Lidwell, W., Holden, K., & Butler, J. (2003). Aesthetic-Usability Effect. In Universal Principles of Design. (pp. 18-19).

Aesthetic-Usability Effect Analysis (Item 1 / Q1 Summary)

October 18, 2012 Leave a comment

An extract from their article, Lidwell, Holden & Butler (2003) explains the effects in Aesthetic-Usability and how the general public in today’s society react to Aesthetic designs, how they present possibly difficult objects as ‘easier to use’ rather than the negatives.

A brief description extracted from Mark Boulton’s (2005) journal online describes Aesthetic-Usability Effect as “a condition whereby users perceive more aesthetically pleasing designs to be easier to use than less aesthetically pleasing designs.”

Figure 1: Computer Skills (Source: University of New South Wales, 2012)

Further into Lidwell, Holden & Butler’s extract, they go into depth with aesthetic designs and highlight how they will always be presented as easier to use, even though they are or are not easier to use in the first place. A prime example within the text “…in a study of how people use computers, researches found that early impressions influenced long-term attitudes about their quality and use.”  (Lidwell, Holden & Butler, 2003)

Aesthetics in our life-world play a crucial role in the way design is seen and used today. Here is a brief example of aesthetic-usability and its design; the ‘in-vehicle navigational display’. Lavie, Oron-Gilard & Meyer (2011) from the Department of Industrial Engineering and Management have conducted studies on the in-vehicle navigational display. The first (1st) study was on the aesthetic scale to “accommodate evaluations of map displays”. The second (2nd) study on the map displays and how much they present on-screen. So it’s with these key factors that people care for the most with in-vehicle navigational displays.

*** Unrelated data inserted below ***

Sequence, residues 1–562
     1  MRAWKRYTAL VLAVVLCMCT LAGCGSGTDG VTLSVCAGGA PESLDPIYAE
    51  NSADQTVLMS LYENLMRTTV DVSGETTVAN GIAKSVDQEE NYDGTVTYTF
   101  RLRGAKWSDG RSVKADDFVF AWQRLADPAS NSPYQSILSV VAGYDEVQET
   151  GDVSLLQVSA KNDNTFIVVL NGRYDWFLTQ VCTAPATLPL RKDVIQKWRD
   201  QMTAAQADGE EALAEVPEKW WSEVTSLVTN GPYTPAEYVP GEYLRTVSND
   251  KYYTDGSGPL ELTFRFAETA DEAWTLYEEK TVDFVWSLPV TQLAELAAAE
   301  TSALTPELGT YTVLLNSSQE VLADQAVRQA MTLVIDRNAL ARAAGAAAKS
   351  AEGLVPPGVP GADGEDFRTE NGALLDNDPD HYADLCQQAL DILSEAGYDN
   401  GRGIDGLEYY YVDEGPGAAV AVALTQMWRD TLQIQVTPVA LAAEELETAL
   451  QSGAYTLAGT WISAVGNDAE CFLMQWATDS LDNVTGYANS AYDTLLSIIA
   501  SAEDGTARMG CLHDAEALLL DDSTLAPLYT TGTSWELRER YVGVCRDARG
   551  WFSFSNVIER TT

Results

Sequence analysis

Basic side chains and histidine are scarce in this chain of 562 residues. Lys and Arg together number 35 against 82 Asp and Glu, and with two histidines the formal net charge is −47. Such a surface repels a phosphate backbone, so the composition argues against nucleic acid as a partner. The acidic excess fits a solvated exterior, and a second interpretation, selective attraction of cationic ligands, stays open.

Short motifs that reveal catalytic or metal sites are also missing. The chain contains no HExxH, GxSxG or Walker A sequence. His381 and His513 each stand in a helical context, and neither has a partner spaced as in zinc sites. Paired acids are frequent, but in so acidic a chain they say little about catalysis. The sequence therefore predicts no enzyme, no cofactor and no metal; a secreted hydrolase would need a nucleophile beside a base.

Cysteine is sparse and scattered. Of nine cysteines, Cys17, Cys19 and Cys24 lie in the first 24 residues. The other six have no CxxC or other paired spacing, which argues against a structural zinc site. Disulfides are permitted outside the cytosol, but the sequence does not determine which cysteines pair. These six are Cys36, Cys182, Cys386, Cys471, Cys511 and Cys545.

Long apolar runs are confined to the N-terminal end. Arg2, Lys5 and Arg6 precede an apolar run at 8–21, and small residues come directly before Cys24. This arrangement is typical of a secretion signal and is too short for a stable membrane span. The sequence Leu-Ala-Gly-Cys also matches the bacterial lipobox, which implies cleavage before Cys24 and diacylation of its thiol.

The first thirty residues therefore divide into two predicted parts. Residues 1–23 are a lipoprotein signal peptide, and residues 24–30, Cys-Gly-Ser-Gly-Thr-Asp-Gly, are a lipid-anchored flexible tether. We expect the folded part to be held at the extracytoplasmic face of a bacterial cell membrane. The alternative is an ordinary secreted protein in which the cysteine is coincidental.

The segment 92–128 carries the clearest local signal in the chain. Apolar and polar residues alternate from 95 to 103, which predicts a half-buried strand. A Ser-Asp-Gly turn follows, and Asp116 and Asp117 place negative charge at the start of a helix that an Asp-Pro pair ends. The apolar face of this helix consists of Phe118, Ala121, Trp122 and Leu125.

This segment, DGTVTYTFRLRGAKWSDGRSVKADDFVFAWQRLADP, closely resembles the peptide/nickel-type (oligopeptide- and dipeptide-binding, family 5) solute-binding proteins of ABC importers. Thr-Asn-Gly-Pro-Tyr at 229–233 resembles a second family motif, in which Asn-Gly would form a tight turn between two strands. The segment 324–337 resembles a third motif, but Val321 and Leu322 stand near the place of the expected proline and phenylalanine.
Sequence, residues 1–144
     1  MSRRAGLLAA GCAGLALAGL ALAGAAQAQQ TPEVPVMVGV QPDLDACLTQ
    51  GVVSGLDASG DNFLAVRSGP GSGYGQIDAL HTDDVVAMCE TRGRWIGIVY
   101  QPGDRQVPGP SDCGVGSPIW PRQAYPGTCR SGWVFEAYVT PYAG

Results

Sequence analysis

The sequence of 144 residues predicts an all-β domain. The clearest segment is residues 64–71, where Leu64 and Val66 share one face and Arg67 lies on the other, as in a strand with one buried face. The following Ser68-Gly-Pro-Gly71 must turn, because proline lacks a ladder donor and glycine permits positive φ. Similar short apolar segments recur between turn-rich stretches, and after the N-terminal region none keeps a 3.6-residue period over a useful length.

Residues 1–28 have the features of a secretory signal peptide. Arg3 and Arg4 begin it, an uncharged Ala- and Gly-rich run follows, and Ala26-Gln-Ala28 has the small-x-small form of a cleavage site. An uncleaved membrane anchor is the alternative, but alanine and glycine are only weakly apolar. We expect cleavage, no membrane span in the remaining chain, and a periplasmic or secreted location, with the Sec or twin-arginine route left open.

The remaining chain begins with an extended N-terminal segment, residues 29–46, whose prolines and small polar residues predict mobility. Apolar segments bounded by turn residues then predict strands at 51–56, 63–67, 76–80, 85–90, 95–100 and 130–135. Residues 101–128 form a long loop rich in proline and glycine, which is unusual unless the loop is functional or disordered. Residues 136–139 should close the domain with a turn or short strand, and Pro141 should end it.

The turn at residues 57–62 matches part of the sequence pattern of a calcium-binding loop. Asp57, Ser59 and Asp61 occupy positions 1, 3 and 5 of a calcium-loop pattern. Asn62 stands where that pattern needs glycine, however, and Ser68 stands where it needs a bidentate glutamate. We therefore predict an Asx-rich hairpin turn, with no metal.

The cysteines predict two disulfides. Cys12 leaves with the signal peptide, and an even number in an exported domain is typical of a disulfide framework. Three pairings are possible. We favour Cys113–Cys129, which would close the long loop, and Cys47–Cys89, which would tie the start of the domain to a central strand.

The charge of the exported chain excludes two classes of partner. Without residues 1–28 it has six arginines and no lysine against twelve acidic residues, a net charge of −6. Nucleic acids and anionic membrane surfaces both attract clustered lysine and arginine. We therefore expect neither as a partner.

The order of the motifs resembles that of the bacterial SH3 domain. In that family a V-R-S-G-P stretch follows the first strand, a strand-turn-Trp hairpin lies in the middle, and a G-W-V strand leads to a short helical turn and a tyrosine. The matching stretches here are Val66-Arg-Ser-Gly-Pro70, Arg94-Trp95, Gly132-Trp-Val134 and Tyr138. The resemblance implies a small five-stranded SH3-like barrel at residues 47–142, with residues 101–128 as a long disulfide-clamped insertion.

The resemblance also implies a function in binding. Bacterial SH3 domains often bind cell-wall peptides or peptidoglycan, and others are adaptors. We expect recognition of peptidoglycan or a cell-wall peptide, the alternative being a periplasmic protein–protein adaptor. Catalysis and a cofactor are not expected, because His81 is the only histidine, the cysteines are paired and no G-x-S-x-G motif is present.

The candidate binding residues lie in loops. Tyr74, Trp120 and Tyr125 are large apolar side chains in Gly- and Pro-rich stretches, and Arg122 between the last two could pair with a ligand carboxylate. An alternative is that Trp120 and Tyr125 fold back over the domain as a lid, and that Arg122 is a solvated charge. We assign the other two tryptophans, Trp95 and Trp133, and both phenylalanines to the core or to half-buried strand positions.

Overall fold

Towers (2010) has stated negatively towards the subject matter of Aesthetic-Usability with “The aesthetics of a product have far reaching consequences”. Further into her article, she explains in dot point what aesthetic design of a product can cause to the general public, like for example; a product may be ‘nicely’ presented but lacks the proper components, but because the product is more appealing, it could lead to the user having positive feelings to it, and thus could lead to a large majority giving the product positive reviews, which would increase sales.

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Boulton, M. (2005) Aesthetic-Usability Effect. Retrieved from http://www.markboulton.co.uk/journal/aesthetic-usability-effect

Lavie, T., Oron-Gilard, T., & Meyer, J. (2011). International Journal of Human-Computer Studies. Aesthetics and usability of in-vehicle navigational displays, 69(1-2). (pp. 80-99).

Lidwell, W., Holden, K., & Butler, J. (2003). Aesthetic-Usability Effect. In Universal Principles of Design (pp. 18-19).

Towers, A. (2010) Usability Friction. Aesthetic Usability Effect. Retrieved from http://usabilityfriction.com/2010/03/30/aesthetic-usability-effect/